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October 25, 2001 - Image 10

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The Michigan Daily, 2001-10-25

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10A - The Michigan Daily - Thursday, October 25, 2001

Crucial games abound
on Big Ten schedule

Wolverines get spark
from freshman duo

By Josh Holman
For The Daily
When last week's games saw several
upsets and Penn State coach Joe Pater-
no finally tie the NCAA's all-time Divi-
sion I-A win record, only one thing was
confirmed in the Big Ten: It's unpre-
dictable.
Michigan is the only Big Ten team
still undefeated in conference play as it
heads to Iowa. Illi-
nois, Purdue and ACROSS
Ohio each all own
one loss, but by no the Big Ten
means do they have
easy schedules remaining.
NORTHWESTERN (2-2 BIG TEN, 4-2
OVERALL) AT No. 20 PURDUE (2-1, 41),
12:10 P.M. ESPN2: Northwestern
opened the season as a contender for
the Big Ten title. Now it finds itself in
the middle of the pack, hoping to
remain in contention for a bowl game.
The Wildcats have suffered their share
of heartbreak losses this season, includ-
ing last week's 38-35 loss to Penn State.
The Wildcats have proved they can
put an efficient offense on the field, led
by senior quarterback Zak Kustok. Kus-
tok is the Big Ten leader in total offense,
compiling 1,430 passing yards, along
with 359 yards on the ground. But
Northwestern's defense will be the unit
put to the test against Purdue.
Purdue has had time to recover and
prepare for Northwestern with a bye
week after a 24-10 loss to Michigan two

weeks ago. Freshman quarterback
Brandon Hance has put up respectable
numbers in his first season and should
be able to strike against a Northwestern
defense that has proved shaky.
Even if Kustok and running back
Damien Anderson execute up to the
standards they're capable of, the Boiler-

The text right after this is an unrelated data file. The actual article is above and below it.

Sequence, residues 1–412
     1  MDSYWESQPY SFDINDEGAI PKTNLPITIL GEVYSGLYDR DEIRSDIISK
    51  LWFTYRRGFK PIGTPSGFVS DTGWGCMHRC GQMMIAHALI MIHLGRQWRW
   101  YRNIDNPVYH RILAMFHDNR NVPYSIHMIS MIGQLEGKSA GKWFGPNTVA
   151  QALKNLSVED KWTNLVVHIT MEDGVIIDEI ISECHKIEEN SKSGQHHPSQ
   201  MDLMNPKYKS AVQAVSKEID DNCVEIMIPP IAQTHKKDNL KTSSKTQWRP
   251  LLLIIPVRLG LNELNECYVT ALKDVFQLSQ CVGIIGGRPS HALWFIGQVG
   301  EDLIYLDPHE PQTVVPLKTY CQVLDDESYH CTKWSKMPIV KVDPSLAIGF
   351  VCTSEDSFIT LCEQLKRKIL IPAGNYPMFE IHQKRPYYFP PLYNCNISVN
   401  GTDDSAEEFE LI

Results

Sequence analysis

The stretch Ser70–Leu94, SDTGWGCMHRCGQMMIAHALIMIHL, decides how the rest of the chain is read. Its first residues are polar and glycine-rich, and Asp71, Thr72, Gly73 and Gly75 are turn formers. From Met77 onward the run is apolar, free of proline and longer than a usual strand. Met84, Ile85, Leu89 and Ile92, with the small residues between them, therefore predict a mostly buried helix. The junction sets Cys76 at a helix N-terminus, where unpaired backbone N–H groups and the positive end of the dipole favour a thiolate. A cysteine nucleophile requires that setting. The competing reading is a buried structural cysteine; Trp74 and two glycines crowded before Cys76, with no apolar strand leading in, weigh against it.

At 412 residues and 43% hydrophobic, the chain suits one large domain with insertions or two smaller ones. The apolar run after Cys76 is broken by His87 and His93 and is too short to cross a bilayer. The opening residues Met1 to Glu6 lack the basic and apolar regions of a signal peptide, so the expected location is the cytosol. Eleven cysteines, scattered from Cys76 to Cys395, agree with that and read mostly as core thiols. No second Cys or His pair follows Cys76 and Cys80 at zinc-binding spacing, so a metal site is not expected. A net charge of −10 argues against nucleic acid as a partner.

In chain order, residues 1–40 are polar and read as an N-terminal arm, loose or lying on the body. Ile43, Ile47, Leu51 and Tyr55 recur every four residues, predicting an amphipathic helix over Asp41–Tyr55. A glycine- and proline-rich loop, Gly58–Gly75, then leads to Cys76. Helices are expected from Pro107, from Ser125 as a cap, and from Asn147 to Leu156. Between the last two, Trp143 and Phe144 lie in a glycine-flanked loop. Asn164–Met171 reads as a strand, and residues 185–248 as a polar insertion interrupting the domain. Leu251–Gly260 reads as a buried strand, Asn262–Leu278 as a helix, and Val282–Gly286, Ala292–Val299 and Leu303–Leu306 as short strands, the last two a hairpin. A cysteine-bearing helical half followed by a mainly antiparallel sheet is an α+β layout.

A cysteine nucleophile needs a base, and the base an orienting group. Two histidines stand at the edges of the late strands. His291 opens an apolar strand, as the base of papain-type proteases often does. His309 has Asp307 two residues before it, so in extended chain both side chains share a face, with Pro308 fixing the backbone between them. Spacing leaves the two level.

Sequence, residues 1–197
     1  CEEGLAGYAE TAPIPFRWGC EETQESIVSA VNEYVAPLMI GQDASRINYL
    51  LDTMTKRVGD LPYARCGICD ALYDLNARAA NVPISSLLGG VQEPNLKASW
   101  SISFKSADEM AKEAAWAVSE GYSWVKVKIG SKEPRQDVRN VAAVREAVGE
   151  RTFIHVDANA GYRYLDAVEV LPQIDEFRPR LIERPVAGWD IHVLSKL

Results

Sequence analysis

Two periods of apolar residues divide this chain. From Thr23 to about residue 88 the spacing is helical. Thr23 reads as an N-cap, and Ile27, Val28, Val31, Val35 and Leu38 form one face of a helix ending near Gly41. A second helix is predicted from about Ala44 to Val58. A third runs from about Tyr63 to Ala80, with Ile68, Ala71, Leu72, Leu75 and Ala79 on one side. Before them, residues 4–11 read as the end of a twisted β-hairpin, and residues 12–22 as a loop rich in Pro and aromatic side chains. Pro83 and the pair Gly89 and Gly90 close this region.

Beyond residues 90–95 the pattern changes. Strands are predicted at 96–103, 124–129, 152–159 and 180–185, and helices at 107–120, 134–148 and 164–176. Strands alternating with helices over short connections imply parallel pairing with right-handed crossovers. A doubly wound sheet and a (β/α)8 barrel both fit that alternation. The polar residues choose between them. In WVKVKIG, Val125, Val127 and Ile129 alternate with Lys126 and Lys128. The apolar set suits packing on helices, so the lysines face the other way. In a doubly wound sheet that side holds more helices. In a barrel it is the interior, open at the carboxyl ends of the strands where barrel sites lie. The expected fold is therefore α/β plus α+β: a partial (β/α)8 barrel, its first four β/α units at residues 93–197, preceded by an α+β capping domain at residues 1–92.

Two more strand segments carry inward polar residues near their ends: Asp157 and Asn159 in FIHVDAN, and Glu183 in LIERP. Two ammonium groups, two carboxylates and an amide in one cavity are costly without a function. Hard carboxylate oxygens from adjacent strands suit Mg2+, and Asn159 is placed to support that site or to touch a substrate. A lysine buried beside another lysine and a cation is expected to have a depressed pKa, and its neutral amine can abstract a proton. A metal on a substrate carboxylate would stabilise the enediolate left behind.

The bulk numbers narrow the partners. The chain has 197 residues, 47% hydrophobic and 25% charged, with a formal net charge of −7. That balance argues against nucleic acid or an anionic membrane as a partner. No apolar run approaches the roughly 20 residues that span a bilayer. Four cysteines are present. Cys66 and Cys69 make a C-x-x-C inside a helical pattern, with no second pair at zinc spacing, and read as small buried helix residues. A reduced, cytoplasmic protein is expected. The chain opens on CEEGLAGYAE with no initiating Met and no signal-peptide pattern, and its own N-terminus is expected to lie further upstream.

makers' defense should perform well
enough to keep the Wildcats out of
striking distance. Purdue has already
pulled in 11 interceptions this year and
could turn the game around quickly
with a big turnover. This is a matchup
that should produce a lot of points with
Purdue ending up on top.
Purdue 38, Northwestern 34
OHIO STATE (2-1, 4-2) AT PENN STATE
(1-3, 1-4), 12:10 P.M. ESPN: Paterno
should return home to a noisy Happy
Valleythis week after finally tying Bear
Bryant's all-time Division I-A win
record at 323 last week against North-
western. It took the Nittany Lions five
tries to do it, but they now have some-
thing to motivate them in an otherwise
dismal season.
Quarterback Zack Mills found run-
ning back Eric McCoo from four yards
out with 22 seconds remaining to
finally put the Nittany Lions on the
winning side of the scoreboard. Penn
State was forced to come from behind
five times, a fact that might be exciting
for the fans, but can be upsetting for a
coach.
The Nittany Lions cannot fall behind
and expect to stay competitive against

By Michael Rosen
For the Daily

Zak Kustok's Northwestern team is off to;
Ohio State, a team still very much in
position to emerge as the conference
champion.
The Buckeyes' defense has been the
driving force behind the team's success
this year, rescuing an offense that has
been sputtering. Even the home crowd
in Columbus is aware of the offense's
troubles - quarterback Steve Bellisari
was booed repeatedly in last week's vic-
tory over San Diego State. If the offense
does come together for the Buckeyes,
Paterno will find himself waiting again
at least one more week for win No. 324.
Ohio State 24, Penn State 7
MICHIGAN STATE (1-2, 3-2) AT WIS-
CONSIN (2-2, 4-4), 12:10 P.M ESPN-
PLUS: The Spartans suffered two losses
at the hands of Minnesota last week.
They lost the game 28-19, and lost

A strong sense of optimism for the
upcoming season looms in the mind of
Michigan women's tennis coach Bitsy
Ritt. Despite the loss of the three sen-
iors - Marya Farah, Szandra Fuzesi
and Allison Sinclair -- the Wolverines
still have reason for hope.
Key returning players, including jun-
ior Joanne Musgrove and sophomore
Chrissie Nolan, are looking to begin
where they left off last year.
AP PHOTO Ritt's squad will get a chance to see
a disappointing Big Ten season what it can do at the 2001 Omni Hotel